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Searching for cyberspace : the position of major cities in the information age

(2011) JOURNAL OF URBAN TECHNOLOGY. 18(1). p.73-92
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Abstract
In this paper, we introduce an approach to identifying and ranking cities in the current Information Age. Mindful of Manuel Castells' call for a onew spatial logic,o we argue that the informational oflowo characteristics of contemporary inter-city connections has to be taken into account when measuring the (relative) oimportanceo of cities. While recent information-based studies on urban networks are valuable additions to the global urban-systems literature, we would argue that there remains a lack of up-to-date and updatable studies of information flows that acknowledge that these flows are intangible and not simply embodied in people (in the case of airline network analysis) or places (in the case of studies that focus on the physical, enabling infrastructure of electronic communications). In order to understand more about cities and their relative positions in the Information World, we should study not only tangible informational infrastructures and their associated material flows between places, but also the cyberspaces of cities in relation to digital information. To illustrate our approach, we introduce and argue that Web search engine databases comprise appropriate datasets for examining the growing importance of knowledge as a raison d'etre for a city's economic ranking on national, regional, and global scales. Based on a quantitative and qualitative hyperlink analysis using the leading and de facto standard Web search engine Google, we derive informational rankings of the world's 100 largest cities in respect to two prominent current issues that are global in scope: the global financial crisis and global climate change. Results include: that traditional, developed Western cities are most prominent in terms of the environmental measures while, in terms of the financial criteria, onewo Asian financial centers are ranked more highly. The paper concludes by outlining an agenda for further work on Web-based informational city rankings.
Keywords
SYSTEM, POLITICS, GEOGRAPHY, EMPIRICAL-ANALYSIS, WORLD CITY NETWORK

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Chicago
Devriendt, Lomme, Andrew Boulton, Stanley Brunn, Ben Derudder, and Frank Witlox. 2011. “Searching for Cyberspace : the Position of Major Cities in the Information Age.” Journal of Urban Technology 18 (1): 73–92.
APA
Devriendt, L., Boulton, A., Brunn, S., Derudder, B., & Witlox, F. (2011). Searching for cyberspace : the position of major cities in the information age. JOURNAL OF URBAN TECHNOLOGY, 18(1), 73–92.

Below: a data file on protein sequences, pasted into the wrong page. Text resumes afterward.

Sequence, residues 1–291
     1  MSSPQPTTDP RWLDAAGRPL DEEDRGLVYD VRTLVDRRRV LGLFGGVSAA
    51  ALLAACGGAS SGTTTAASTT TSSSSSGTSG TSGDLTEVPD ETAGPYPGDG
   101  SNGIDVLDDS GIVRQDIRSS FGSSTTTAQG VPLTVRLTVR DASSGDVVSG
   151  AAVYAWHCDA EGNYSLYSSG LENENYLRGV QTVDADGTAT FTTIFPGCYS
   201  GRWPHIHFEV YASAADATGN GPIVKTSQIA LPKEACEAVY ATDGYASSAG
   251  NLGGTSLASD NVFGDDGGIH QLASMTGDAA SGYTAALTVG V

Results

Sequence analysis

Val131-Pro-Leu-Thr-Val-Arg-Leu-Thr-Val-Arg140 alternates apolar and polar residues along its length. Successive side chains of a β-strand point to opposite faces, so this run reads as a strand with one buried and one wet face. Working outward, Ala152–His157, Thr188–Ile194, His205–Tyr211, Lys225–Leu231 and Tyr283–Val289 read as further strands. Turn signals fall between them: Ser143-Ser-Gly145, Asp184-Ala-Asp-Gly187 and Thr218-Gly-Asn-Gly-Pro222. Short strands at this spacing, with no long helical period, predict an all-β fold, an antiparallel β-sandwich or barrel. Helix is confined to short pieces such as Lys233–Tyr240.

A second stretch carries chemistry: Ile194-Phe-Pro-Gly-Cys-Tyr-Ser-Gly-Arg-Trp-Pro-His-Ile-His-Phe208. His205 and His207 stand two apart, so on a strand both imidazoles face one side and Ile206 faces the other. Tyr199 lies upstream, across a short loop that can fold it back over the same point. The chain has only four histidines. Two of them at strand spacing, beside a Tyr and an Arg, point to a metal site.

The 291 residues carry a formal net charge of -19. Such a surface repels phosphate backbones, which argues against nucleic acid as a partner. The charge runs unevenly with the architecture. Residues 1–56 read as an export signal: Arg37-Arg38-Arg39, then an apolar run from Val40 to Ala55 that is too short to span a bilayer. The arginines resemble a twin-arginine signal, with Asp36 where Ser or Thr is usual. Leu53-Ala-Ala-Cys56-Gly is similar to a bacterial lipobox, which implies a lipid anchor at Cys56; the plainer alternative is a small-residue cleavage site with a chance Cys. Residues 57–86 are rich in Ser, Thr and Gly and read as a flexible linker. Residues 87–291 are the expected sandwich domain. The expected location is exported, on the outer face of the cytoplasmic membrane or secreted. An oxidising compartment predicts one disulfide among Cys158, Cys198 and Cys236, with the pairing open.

Vancouver
1.
Devriendt L, Boulton A, Brunn S, Derudder B, Witlox F. Searching for cyberspace : the position of major cities in the information age. JOURNAL OF URBAN TECHNOLOGY. 2011;18(1):73–92.
MLA
Devriendt, Lomme, Andrew Boulton, Stanley Brunn, et al. “Searching for Cyberspace : the Position of Major Cities in the Information Age.” JOURNAL OF URBAN TECHNOLOGY 18.1 (2011): 73–92. Print.
@article{1888498,
  abstract     = {In this paper, we introduce an approach to identifying and ranking cities in the current Information Age. Mindful of Manuel Castells' call for a onew spatial logic,o we argue that the informational oflowo characteristics of contemporary inter-city connections has to be taken into account when measuring the (relative) oimportanceo of cities. While recent information-based studies on urban networks are valuable additions to the global urban-systems literature, we would argue that there remains a lack of up-to-date and updatable studies of information flows that acknowledge that these flows are intangible and not simply embodied in people (in the case of airline network analysis) or places (in the case of studies that focus on the physical, enabling infrastructure of electronic communications). In order to understand more about cities and their relative positions in the Information World, we should study not only tangible informational infrastructures and their associated material flows between places, but also the cyberspaces of cities in relation to digital information. To illustrate our approach, we introduce and argue that Web search engine databases comprise appropriate datasets for examining the growing importance of knowledge as a raison d'etre for a city's economic ranking on national, regional, and global scales. Based on a quantitative and qualitative hyperlink analysis using the leading and de facto standard Web search engine Google, we derive informational rankings of the world's 100 largest cities in respect to two prominent current issues that are global in scope: the global financial crisis and global climate change. Results include: that traditional, developed Western cities are most prominent in terms of the environmental measures while, in terms of the financial criteria, onewo Asian financial centers are ranked more highly. The paper concludes by outlining an agenda for further work on Web-based informational city rankings.},
  author       = {Devriendt, Lomme and Boulton, Andrew and Brunn, Stanley and Derudder, Ben and Witlox, Frank},
  issn         = {1063-0732},
  journal      = {JOURNAL OF URBAN TECHNOLOGY},
  keyword      = {SYSTEM,POLITICS,GEOGRAPHY,EMPIRICAL-ANALYSIS,WORLD CITY NETWORK},
  language     = {eng},
  number       = {1},
  pages        = {73--92},
  title        = {Searching for cyberspace : the position of major cities in the information age},
  url          = {http://dx.doi.org/10.1080/10630732.2011.578410},
  volume       = {18},
  year         = {2011},
}

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